4 4.1 Leases Universal will adhere to the guidelines as set forth by Generally Accepted Accounting Principles (GAAP) in the classification of whether a lease is a capital lease or an operating lease. The FASB's guidelines for classifying and reporting leasing transactions are based on the economic characteristics of the lease agreement at the inception of the lease. A lease that transfers most all the risks and benefits incident to the ownership of the leased property should be accounted for as an asset and consequently a capital lease and as a sale or financing by the lessor. All other leases are classified as operating leases. The transfer of risks and benefits must be evaluated at the beginning of the lease to determine the lease's appropriate classification. Universal s Corporate Manager, Financial Reporting should determine which party bears the risks of changes in property values, which ends up with ownership of the leased property, what is the residual, economic value at the end of the lease term, and what guarantees (of residual value and others) are provided by the lessee. Generally, lease agreements in which substantially all the risks are retained by the lessor are classified as operating leases. This process is important, since lease classification affects several critical indicators or measures of financial performance and health of both lessee and lessor companies. Leasing arrangements which do not meet the capitalization criteria identified and discussed below shall be classified as operating leases. Operating leases are not recorded as assets and are held as an off balance sheet liability. Normally, rental on an operating lease is charged to expense over the lease term as it becomes payable. When accounting for an operating lease, the rented asset and the corresponding long-term liability are not recorded; instead, rent expense is debited periodically and cash (or a short-term accrued liability) is credited. Rent expense, lease rental payments, lease payments are all synonymous terms meaning the same thing e.g. the amount of funds one has to pay to procure to utilization of a leased asset. All leases must first be reviewed by the Legal Department and the Chief Financial Officer or Corporate Controller before a commitment is made. Additionally, all leases are subject to the Company s Delegation of Authority and Capital Expenditure policies and limitations (Policies & respectively). Headquarters accounting department should review all lease agreements for proper accounting (capital vs. operating leases). Additionally, before committing to a lease agreement, Universal s Corporate Treasurer must be notified of the determination as to whether or not the lease may be capitalized to make sure a minimal impact on our debt covenants. Universal Weather and Aviation Page 2 of 15 1/11/2011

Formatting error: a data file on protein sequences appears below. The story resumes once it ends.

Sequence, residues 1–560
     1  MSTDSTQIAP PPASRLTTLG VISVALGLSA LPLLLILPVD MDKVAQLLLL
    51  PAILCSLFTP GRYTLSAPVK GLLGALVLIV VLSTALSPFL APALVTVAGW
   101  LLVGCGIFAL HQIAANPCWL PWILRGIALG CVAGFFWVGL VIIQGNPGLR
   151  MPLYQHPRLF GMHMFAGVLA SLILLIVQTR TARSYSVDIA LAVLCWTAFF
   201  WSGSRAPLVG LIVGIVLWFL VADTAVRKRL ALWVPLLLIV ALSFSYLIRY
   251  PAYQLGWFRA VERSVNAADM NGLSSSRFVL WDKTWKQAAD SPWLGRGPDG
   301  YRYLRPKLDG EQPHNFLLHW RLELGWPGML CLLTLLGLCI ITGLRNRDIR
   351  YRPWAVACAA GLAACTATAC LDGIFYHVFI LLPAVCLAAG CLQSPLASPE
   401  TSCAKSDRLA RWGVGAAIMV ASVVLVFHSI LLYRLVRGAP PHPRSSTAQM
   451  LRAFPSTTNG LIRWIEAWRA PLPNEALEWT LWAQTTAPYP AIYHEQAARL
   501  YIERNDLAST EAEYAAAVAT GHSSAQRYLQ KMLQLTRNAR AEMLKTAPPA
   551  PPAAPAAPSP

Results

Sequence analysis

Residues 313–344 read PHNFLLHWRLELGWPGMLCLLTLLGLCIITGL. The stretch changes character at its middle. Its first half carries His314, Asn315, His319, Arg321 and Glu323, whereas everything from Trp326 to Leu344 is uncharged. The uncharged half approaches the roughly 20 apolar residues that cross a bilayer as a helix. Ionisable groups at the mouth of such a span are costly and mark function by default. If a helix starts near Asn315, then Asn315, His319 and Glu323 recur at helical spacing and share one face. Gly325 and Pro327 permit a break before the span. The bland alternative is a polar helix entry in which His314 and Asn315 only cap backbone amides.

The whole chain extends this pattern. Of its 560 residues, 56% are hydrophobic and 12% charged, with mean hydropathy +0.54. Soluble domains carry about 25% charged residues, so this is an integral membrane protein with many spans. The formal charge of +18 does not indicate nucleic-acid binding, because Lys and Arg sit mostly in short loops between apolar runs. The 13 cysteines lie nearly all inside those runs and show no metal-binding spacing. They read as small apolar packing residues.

5 4.2 Lease Classification by Lessee A lease agreement must be evaluated at the beginning of the lease to classify the lease along the lines required by SFAS No. 13. SFAS No. 13 delineates the conditions under which the lessee must assume these risks and the benefits that have been transferred. Lease agreements that do not meet these conditions are classified as operating leases. Lease agreements that meet one or more of the following criteria must be classified as capital leases: o The lease transfers ownership of the property to the lessee at the end of the lease term. o The lease contains a bargain purchase option. o The lease term is equal to 75 percent or more of the estimated economic life of the leased property (this criterion is not applicable when the lease term begins within the last 25 percent of the economic life of the asset). o The present value of the minimum lease payments (MLP) (excluding executory costs) equals or exceeds 90 percent of the excess of the fair value of the leased property to the lessor. The discount rate used should be the lessee's incremental borrowing rate or the rate implicit in the lease, whichever is lower. The establishment of these criteria allow for an evaluation of whether benefits and risks are transferred by a lease agreement. o The first condition involves the transfer of ownership that would effectively transfer all of the benefits and risks of the leased property to the lessee. o Similarly, the existence of a bargain purchase option implies an identical transfer. Thus, the first two criteria satisfy the economic concepts underlying the classification of a lease as a capitalized lease. o The third criterion implies that lease terms covering at least 75 percent of the estimated economic life of the leased property transfer substantially all the risks and benefits of ownership. (This criterion cannot be used in lease classification if the inception of the lease falls within the last 25 percent of the total estimated economic life of the leased property.) This criterion presumes that a substantial portion of the benefits and risks of use occur during the initial 75 percent of the economic life. As such, this requires capitalization of the leased property. o The last criterion reflects the lessor's return on investment in the lessee's payment for the leased property. When the present value of the minimum leas payments (MLPs) equals or exceeds 90 percent of the fair value of the leased property at the inception of the lease, the lessor will have earned a fair return on investment. The lessee has effectively paid for the lease and is required to treat the leased property as it would an acquisition. The interest rate used to determine the present value, the MLP, contingent rentals, and the residual value are among the critical factors in the Universal Weather and Aviation Page 3 of 15 1/11/2011